Retinoids, such as vitamin A (retinol) and tretinoin work by dispersing pigment granules, interfering with pigment transfer from pigment cells to skin cells, and speeding up skin turnover. In one study, 50 White women with melasma were treated for 40 weeks with 0.1% tretinoin cream versus placebo. At the end of the study, 68% were rated by the dermatologist as improved or much improved compared to just 5% in the placebo group. Another similar study of 30 African American patients  showed 32% improved or much improved compared to 10% in the placebo group. Tretinoin is not approved for the treatment of melasma by itself; however, it is part of a combination cream called Tri-Luma, which is FDA approved. The most common side effects of tretinoin include burning or stinging, redness, scaling, and dry skin. In addition, patients using tretinoin can also be at an increased risk for sunburn and are more susceptible to irritation from wind, cold, and dryness. Tretinoin has been shown to induce birth defects in animal studies so it is NOT safe to use in pregnancy.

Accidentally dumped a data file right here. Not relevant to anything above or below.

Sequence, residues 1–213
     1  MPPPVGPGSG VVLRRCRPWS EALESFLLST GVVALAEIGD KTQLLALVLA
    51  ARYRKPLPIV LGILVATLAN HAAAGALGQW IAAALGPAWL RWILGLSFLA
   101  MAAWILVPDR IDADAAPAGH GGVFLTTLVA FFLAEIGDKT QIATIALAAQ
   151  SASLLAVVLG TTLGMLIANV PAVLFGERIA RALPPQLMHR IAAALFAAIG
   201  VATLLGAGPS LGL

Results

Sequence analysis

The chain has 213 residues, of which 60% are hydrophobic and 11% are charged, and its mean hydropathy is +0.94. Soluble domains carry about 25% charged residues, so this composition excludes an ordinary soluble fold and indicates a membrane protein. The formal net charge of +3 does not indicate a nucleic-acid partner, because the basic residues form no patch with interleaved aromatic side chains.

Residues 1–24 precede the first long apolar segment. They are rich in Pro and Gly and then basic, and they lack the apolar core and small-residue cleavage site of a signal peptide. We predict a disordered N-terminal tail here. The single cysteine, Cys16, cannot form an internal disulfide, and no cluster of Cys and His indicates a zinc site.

Azelaic acid:

Azelaic acid is a naturally occurring product which acts on hyperactive and abnormal pigment cells to stop pigment production. It also is an antioxidant that reduces inflammation. A recent study in 52 women of color compared  20% azelaic acid cream with placebo. At week 24, the pigment quantity was 20 % lower in the azelaic acid group compared to 4% in the placebo group. By study end, 55% of patients treated with azelaic acid versus 12.5% of those treated with placebo experienced overall lightening. Another study directly compared 20% azelaic acid with 2% hydroquinone cream (the over the counter strength) in 155 patients with melasma over 24-weeks. Of the patients in the azelaic acid group, 57% had a reduction in pigment intensity. The hydroquinone group experienced reduction of pigment in only 37% of patients. Reduction of dark spot size was seen in more patients treated with azelaic acid compared to hydroquinone 2%. Azelaic acid cream is well tolerated overall, including in pregnancy, but patients should expect some burning and stinging when first starting treatment. It takes 2-3 months to really see an effect.

Click here for part 2 for a discussion of all natural and other cutting edge melasma treatments that have been discovered in the past few years!